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Why DataSource

Why DataSource and not DriverManager?

Answer is simple. That's how the API evolved.
Java 1.7 docs states that "The DataSource interface, new in the JDBC 2.0 API, provides another way to connect to a data source. An alternative to the DriverManager facility, a DataSource object is the preferred means of getting a connection."

Using DataSource instead of DriverManager

DriverManager has one significant drawback: It requires hard-coding vendor options and details about the database and server configurations. To use the code on another system, to change the database, or to change username or password, etc., we may need to edit the source code, recompile, and retest.

There are several approaches that we can take to minimize this problem. One option is to put these specifics in a properties file or a configuration file that is read at startup time, perhaps using XML or a Java ResourceBundle . These minimize but don't solve the problem.

In JDBC 2.0, Sun introduced an alternative with a more far-reaching approach, the DataSource class.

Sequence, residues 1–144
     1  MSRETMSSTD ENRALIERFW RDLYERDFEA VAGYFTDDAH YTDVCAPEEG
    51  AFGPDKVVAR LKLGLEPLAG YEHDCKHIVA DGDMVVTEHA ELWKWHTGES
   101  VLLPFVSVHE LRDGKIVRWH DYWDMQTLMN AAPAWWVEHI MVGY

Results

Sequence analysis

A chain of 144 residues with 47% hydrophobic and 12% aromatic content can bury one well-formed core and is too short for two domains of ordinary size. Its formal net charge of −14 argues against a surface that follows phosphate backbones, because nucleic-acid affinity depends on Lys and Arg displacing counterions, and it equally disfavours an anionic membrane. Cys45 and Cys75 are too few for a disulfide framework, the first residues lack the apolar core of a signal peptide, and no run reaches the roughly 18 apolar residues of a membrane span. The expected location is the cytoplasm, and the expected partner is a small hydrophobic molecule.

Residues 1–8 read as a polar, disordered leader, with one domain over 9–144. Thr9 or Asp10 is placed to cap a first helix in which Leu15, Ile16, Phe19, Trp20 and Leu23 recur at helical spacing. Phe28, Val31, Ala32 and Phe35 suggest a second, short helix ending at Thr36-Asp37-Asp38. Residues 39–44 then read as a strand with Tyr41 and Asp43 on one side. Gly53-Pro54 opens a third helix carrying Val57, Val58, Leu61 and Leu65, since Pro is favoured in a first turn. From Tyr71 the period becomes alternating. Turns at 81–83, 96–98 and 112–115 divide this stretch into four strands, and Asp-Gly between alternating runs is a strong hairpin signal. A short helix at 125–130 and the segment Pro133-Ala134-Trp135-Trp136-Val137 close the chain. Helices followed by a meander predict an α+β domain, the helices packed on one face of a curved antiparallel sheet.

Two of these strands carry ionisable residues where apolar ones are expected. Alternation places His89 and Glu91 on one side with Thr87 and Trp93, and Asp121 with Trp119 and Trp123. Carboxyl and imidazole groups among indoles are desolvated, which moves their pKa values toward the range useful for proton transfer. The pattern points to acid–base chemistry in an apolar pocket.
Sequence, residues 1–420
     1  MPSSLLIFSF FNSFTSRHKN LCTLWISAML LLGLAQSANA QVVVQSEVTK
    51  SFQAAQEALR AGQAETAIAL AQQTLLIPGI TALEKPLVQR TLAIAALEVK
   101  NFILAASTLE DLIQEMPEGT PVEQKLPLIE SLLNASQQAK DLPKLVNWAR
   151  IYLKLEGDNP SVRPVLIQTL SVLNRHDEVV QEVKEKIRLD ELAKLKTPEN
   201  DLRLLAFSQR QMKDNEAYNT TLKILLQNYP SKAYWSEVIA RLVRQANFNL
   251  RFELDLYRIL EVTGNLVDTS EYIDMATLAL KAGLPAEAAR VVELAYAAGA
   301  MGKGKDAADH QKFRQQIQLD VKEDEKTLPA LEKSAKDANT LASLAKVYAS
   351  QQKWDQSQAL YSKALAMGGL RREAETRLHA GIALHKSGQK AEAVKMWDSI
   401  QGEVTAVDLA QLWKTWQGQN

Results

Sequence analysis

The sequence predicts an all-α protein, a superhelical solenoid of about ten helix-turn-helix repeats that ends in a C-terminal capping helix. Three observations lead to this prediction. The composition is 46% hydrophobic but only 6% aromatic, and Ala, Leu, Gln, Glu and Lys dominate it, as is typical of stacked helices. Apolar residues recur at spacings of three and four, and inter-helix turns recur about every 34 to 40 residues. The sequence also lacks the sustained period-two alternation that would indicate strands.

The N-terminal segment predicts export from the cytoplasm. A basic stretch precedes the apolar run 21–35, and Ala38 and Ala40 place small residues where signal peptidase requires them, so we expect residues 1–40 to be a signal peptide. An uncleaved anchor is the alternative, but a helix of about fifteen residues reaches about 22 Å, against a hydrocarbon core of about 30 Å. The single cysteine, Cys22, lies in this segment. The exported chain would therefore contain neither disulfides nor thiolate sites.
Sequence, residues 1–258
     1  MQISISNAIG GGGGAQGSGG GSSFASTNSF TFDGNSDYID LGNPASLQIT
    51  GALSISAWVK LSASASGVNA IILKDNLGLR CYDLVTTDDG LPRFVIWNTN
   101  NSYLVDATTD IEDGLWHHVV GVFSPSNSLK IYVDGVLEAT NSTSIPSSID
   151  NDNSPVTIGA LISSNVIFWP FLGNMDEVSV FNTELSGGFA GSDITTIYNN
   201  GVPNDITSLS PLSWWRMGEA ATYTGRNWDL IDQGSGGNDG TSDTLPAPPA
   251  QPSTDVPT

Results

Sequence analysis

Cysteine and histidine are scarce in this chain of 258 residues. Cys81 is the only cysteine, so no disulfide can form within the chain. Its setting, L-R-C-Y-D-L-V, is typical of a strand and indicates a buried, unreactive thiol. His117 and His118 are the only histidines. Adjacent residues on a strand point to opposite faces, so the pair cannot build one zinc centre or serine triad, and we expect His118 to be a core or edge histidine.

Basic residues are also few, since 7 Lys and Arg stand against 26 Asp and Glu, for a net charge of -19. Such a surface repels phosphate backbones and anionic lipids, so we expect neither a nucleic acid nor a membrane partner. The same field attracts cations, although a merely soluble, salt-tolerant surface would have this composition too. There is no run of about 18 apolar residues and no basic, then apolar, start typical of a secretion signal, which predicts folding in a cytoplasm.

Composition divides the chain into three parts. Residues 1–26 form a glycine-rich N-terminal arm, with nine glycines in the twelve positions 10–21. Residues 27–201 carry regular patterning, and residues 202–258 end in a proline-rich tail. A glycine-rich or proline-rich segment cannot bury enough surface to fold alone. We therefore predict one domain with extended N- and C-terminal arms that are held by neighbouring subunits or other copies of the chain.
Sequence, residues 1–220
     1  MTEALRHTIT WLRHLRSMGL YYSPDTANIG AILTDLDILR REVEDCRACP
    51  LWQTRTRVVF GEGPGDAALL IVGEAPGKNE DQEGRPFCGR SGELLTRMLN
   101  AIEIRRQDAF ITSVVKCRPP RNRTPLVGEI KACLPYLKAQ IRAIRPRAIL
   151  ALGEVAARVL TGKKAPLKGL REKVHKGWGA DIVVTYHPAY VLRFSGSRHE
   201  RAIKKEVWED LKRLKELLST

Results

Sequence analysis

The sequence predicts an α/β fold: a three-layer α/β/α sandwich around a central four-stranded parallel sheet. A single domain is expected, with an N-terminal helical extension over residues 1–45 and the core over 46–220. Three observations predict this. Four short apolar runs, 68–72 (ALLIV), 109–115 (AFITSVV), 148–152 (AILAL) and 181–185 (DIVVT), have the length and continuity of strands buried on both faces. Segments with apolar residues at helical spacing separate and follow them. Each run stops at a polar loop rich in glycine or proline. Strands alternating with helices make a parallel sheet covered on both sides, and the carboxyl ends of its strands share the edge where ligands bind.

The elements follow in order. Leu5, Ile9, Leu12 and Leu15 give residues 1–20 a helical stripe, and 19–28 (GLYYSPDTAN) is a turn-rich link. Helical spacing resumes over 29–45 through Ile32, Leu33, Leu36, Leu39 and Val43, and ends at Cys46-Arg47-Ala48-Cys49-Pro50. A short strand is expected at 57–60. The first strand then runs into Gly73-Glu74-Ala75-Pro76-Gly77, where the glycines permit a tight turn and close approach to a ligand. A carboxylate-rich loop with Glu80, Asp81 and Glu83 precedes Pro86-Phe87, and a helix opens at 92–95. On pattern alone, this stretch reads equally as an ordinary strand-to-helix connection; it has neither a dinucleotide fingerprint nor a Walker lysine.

• DataSource allows our code to locate and connect to a resource, such as a database, by using a logical name . This can make our code more portable and easier to maintain.
  • It also allows us to encapsulate some of the connection details at a higher-level— a naming service such as Java Naming and Directory Interface (JDNI).
  • Most of the implementations of DataSource inherently supports connection pooling.
Unlike DriverManager class that came with JDK itself, DataSource is not a class but a interface.

We could choose a DataSource implementation from 3 choices:

  1. Choose that comes with the jdbc driver.
  2. Choose a external /library like commons-dbcp.
  3. Choose container provided implementation.

Note that the 3 examples that follow do not take advantage of the primary benefits of DataSource - JNDI.
We will look at JDNI later.
Also DataSource has the same limitations as DriverManager when it comes to connection handling. Meaning, connection sharing is dangerous and connections are not pooled/nor closed (unless proper configurations or handlers are written).

Continue reading: JDBC connections using DataSouce (driver implementation)

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